mpMRI has been shown in the previous negative biopsy setting to detect tumors in up to 40% of cases, often in the anterior region of the prostate.11-14 An advantage of mpMRI fusion biopsy in patients with prior negative biopsy is the ability of MRI to identify suspicious lesions in areas not normally sampled by standard TRUS-guided biopsy, specifically the anterior and apical parts of the prostate. Thus, the benefit of fusion biopsy is particularly accentuated in the prior negative biopsy cohort. Furthermore, a study by Kongnyuy et al.15 suggested that there may be racial differences with regards to anterior tumors. In a cohort of 195 African-American men matched 1:1 to white men undergoing mpMRI, 47.7% of African-American men had anterior prostate lesions. Amongst these men, a history of prior negative biopsy was significantly associated with an anterior prostate lesion (OR 1.81, 95%CI 1.03-3.20). Despite an overall higher cancer detection rate among African American than white men, the presence of anterior prostate lesions and lesions harboring clinically significant cancer were not different between races.
On Active SurveillanceOver the last decade, adoption of active surveillance as a management strategy for men with clinically low-risk prostate cancer has appropriately continued to increase. However, until recently, the utilization of mpMRI in active surveillance management has been somewhat discretionary and clinician dependent.16
Earlier this year the European Association of Urology (EAU) released a position statement for active surveillance, which included 10 recommendation statements;17 the 3rd statement assessed “use and timing of MRI in active surveillance.” mpMRI can be used to increase clinically significant cancer detection, thus ensuring men are appropriately included in surveillance regimens and those with potentially threatening disease can have appropriate and timely intervention. The statement recommends that mpMRI can be performed at several time points during active surveillance:
- At the time of initial diagnosis – the EAU statement recommends that men diagnosed with a low-risk disease without a prior mpMRI should under a mpMRI prior to enrolment to ensure no significant disease was missed on initial biopsy. In cases of initial targeted mpMRI biopsy, both targeted and systematic biopsies should be performed.17 In addition to the excitement generated by PROMIS 7 and PRECISION,8 a recent systematic review assessed the role of mpMRI among active surveillance patients, noting that a lesion suspicious for prostate cancer was found in nearly two-thirds of men otherwise suitable for surveillance.18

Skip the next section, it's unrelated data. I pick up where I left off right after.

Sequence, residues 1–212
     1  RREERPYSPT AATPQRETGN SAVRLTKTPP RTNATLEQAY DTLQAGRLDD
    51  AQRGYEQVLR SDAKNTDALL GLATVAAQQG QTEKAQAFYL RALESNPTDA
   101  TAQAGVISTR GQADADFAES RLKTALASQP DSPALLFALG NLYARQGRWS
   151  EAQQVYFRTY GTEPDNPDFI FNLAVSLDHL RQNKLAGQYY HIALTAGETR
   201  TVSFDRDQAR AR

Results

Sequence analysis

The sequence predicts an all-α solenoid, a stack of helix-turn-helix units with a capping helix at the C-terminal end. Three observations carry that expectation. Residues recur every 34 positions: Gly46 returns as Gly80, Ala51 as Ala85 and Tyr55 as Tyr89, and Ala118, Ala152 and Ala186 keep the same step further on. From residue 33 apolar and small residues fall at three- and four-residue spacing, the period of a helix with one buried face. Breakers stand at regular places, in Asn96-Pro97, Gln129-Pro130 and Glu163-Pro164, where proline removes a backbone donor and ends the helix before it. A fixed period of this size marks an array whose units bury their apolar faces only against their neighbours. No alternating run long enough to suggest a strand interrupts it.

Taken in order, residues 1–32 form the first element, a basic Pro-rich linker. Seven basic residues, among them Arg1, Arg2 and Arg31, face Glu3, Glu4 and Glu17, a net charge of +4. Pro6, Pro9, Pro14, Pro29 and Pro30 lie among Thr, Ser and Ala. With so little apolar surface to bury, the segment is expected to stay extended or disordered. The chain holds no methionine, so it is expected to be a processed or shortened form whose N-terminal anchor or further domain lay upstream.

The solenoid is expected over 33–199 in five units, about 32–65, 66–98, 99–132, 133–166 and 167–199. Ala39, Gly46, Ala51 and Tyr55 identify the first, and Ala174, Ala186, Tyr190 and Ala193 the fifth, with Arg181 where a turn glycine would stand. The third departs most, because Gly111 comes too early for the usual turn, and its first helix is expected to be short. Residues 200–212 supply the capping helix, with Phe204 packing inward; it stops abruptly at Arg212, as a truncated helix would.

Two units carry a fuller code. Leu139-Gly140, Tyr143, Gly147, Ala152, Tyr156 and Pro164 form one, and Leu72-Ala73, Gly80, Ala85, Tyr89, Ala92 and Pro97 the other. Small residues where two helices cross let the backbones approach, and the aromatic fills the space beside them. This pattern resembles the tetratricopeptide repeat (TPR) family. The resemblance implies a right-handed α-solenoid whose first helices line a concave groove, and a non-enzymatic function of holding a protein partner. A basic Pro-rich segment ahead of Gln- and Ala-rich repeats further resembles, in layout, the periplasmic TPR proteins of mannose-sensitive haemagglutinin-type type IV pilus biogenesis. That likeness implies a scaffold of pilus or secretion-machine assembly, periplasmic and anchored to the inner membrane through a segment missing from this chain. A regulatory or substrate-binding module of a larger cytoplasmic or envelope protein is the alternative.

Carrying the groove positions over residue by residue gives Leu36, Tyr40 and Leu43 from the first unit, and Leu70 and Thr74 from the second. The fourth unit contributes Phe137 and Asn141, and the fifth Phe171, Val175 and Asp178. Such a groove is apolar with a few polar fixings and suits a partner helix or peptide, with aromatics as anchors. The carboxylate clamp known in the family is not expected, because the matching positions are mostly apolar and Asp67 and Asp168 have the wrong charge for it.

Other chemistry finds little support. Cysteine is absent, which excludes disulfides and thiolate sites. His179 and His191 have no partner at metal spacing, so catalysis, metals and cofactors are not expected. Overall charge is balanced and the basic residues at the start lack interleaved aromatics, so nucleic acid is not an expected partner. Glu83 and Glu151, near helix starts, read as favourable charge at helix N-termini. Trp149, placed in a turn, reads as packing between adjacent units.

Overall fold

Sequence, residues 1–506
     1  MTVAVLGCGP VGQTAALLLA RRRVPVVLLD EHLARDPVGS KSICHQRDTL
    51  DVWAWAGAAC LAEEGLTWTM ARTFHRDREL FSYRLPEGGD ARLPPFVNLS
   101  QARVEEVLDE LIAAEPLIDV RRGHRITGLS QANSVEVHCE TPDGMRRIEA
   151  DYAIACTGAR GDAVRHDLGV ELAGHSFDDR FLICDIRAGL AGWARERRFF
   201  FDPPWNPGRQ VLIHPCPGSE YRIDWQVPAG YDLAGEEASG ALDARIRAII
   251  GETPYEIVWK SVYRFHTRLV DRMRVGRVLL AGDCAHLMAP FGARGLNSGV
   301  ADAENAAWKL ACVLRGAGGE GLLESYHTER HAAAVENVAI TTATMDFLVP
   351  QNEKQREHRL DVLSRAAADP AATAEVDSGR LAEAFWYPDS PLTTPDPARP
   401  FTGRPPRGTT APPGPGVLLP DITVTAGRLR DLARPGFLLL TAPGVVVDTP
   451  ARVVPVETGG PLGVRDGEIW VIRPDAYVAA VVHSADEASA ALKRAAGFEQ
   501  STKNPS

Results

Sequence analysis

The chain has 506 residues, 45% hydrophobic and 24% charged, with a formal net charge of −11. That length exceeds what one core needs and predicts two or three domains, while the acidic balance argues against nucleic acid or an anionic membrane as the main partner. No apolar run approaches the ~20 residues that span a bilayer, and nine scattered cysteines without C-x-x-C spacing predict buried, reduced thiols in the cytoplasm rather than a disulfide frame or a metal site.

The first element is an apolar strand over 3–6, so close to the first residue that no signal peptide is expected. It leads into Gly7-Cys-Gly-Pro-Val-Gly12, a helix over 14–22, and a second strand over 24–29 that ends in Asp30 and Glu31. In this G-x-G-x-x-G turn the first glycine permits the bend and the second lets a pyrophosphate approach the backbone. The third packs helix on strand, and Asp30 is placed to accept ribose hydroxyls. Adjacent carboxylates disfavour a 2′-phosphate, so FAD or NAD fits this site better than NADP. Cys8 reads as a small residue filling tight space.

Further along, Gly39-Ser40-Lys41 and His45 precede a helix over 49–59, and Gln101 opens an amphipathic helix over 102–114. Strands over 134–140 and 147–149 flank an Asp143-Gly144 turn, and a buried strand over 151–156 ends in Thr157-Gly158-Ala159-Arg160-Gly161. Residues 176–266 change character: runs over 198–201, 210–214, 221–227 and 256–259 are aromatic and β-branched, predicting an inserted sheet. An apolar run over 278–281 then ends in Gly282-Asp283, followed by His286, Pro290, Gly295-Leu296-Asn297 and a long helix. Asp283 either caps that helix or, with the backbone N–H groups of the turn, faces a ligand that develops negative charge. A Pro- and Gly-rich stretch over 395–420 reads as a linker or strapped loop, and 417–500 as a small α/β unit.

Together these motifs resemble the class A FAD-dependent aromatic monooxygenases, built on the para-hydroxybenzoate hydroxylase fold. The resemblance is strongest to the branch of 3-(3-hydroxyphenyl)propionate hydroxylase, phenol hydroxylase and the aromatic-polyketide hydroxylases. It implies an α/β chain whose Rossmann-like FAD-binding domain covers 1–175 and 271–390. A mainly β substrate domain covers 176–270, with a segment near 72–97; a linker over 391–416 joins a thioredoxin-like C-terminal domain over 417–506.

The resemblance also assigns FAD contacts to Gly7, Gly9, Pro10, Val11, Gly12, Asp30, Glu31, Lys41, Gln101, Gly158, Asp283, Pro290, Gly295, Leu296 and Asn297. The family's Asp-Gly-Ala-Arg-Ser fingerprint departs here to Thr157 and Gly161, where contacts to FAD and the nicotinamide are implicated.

- Before confirmatory biopsy – the EAU statement recommends that a mpMRI be performed before the confirmatory biopsy, within 12 months from initial diagnosis, and to include targeted and systematic biopsies.17 The rate of reclassification after targeted biopsies among men on active surveillance without a prior mpMRI may be as high as 22%.18-20 A recent publication assessed the value of serial mpMRI imaging among 111 men on active surveillance with > 1-year of follow-up, noting that among 33 reclassifications after one year, 55% were reclassified on only TRUS-guided biopsy.21 As such, the value of serial mpMRI in active surveillance algorithms remains unclear.
- During follow-up – the EAU statement does not support the use of solely using mpMRI instead of repeat biopsy in active surveillance follow-up.17 As mentioned, the use of serial mpMRIs over long-term follow-up is not currently recommended, however it may be used in situations where a targeted lesion is being followed. This is an area of great research interest considering that institutional studies with vast experience with mpMRI suggest that mpMRI supplanting follow-up biopsies is safe and feasible.22
Before Radical ProstatectomyWith improved mpMRI technology has come an interest in more precise clinical staging of localized prostate cancer, particularly before performing radical prostatectomy. Ultimately, the patient and urologist are concerned about the risk of EPE preoperatively, which dictates the degree of nerve-sparing performed at the time of radical prostatectomy. Somford et al.24 assessed mpMRI images among 183 men to determine the positive and negative predictive values of mpMRI for EPE at radical prostatectomy for different prostate cancer risk groups. The overall prevalence of EPE at radical prostatectomy was 49.7% (24.7% low-risk; 77.1% high-risk) – the overall staging sensitivity was 58.2%, specificity was 89.1%, positive predictive value was 84.1% and a negative predictive value was 68.3%. The positive predictive value was best in the high-risk cohort (88.8%) and a negative predictive value was best in the low-risk cohort (87.7%).
Data regarding whether preoperative imaging influences surgical planning is limited. However, Schiavina et al.25 assessed the impact of mpMRI on preoperative decision making among 137 patients planned for radical prostatectomy who underwent mpMRI. They found that mpMRI changes robotic surgeon’s initial surgical plan with regards to the degree of nerve-sparing in nearly half of patients. Interestingly, there was an equal alteration in surgical planning when considering a more aggressive (to less aggressive) and less aggressive (to more aggressive) preliminary plan. Although the above results for EPE prediction and tailored surgical planning are encouraging, this degree of advanced mpMRI interpretation should be reserved for expert radiologists where sensitivities and specificities for predicting EPE are typically both >80%.26